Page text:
Ryan Piers Williams’ sophomore film X/Y is a series of snapshots of four twenty-something friends in New York in which wires get crossed and friends, lovers, and colleagues weave in and out of each others’ lives at random. Girlfriends cheat, roommates paint naked, and best friends fuck married people. As per my recollection, this is a fairly accurate portrait of that meaningless yet golden age.
Sylvia (America Ferrera) feels suffocated in her relationship with Mark (Piers Williams) and sleeps with Jason (Common), forcing Mark to move in with Jake (John Paul Phillips). Meanwhile Sylvia’s best friend Jen (Melonie Diaz) has no idea what she wants and despite yoga and meditation and various sessions of retail therapy, is still a hot mess.
There are stand out performances from the entire cast showcasing Piers Williams ease with actors including his wife, Ferrera, with whom he shares the screen in the film’s steamy opening scene, one that immediately imbues it with intimacy. Paul Phillips offers a blistering portrayal of heartbreak, and newcomer Danny Deferrari holds his own against the always believable and ever present Melonie Diaz.
Cool, collected, and deeply observant, Diaz plays it as it lays. She is able to slip into the skin of any character with the ease of a chameleon. Over the course of dozens of films, from Double Whammy to the more recent Fruitvale Station, and Itty Bitty Titty Committee in between, she has emerged as one of Hollywood’s true talents. She’s a hustler who keeps herself busy with a feature a year as well as appearing in a variety of TV shows. And yet despite increasing visibility, she stays true to the independent spirit that got her in game in the first place.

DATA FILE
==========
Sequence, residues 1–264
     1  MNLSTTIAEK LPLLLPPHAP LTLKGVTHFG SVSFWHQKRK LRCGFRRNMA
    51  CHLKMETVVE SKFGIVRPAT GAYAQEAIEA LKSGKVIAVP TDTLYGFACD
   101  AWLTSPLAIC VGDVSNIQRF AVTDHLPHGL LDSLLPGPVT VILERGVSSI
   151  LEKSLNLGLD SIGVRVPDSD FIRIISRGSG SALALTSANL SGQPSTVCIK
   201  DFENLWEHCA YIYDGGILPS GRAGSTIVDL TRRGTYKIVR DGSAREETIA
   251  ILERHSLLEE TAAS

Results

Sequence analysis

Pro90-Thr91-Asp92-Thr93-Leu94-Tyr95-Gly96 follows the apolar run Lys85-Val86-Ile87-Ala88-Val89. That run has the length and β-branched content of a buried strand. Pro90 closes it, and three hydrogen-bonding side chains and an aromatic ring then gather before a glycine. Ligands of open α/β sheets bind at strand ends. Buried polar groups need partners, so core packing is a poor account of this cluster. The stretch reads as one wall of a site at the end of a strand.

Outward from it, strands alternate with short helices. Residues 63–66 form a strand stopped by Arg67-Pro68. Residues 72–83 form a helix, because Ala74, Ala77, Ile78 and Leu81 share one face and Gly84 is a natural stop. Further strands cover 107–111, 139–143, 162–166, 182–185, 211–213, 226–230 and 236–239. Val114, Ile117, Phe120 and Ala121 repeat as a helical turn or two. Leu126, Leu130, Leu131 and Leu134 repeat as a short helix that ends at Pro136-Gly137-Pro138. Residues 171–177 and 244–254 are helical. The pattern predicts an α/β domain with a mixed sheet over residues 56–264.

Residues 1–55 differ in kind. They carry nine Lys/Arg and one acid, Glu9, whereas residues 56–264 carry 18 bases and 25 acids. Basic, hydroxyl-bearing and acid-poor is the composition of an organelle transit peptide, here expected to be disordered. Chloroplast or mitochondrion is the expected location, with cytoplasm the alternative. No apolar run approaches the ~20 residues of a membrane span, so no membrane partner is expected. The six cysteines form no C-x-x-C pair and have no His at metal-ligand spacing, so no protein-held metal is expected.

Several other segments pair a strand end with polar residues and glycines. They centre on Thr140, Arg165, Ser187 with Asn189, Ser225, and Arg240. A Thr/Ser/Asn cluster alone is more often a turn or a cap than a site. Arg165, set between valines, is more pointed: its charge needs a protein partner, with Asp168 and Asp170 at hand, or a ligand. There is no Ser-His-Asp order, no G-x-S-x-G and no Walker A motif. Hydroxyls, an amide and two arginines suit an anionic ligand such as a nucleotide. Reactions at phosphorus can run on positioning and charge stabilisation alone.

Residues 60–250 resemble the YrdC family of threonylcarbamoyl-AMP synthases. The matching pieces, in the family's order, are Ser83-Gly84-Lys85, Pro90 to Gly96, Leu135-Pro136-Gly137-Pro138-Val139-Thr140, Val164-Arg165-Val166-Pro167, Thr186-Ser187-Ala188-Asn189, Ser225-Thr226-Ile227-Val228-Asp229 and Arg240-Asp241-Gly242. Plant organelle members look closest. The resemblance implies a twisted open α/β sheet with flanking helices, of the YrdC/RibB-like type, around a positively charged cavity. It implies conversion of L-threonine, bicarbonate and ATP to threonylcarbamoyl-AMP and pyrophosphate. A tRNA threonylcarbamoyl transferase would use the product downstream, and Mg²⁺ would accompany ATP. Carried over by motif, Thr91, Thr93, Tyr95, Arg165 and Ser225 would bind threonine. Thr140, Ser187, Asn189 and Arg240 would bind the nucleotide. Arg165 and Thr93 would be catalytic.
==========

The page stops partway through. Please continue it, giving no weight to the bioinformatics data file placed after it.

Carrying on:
Below she discusses her craft, her early years in the Lower East Side and the deep yet imperceptible effect that Shelley Duvall’s Faerie Tale Theatre may have had on her psyche and desire to explore the world through story.
Am I right in thinking that you and America Ferrera have each other on speed dial? My impression of how you got the role is that she threw up a Bat-Signal and you just landed in New York and said, “I’ll do it.” Is that basically how it happened?
Melonie Diaz: Well, America and I did Lords of Dogtown together years ago when I was nineteen and so was she, and that’s when I first met her and we just clicked instantly. She and I have become very, very good friends. And I was actually there when she and Ryan [Piers Williams], her husband, met. I was around for that period, too. So I know them very well. When they called me and they were like, “Hey, we have this part and we’re wondering if you would want to do it.” I was like, “Duh, Obviously.” Ryan is super talented and America has such good taste. It’s always fun when you get to work with friends. It doesn’t happen that often, but when it does happen, I feel like you have to jump.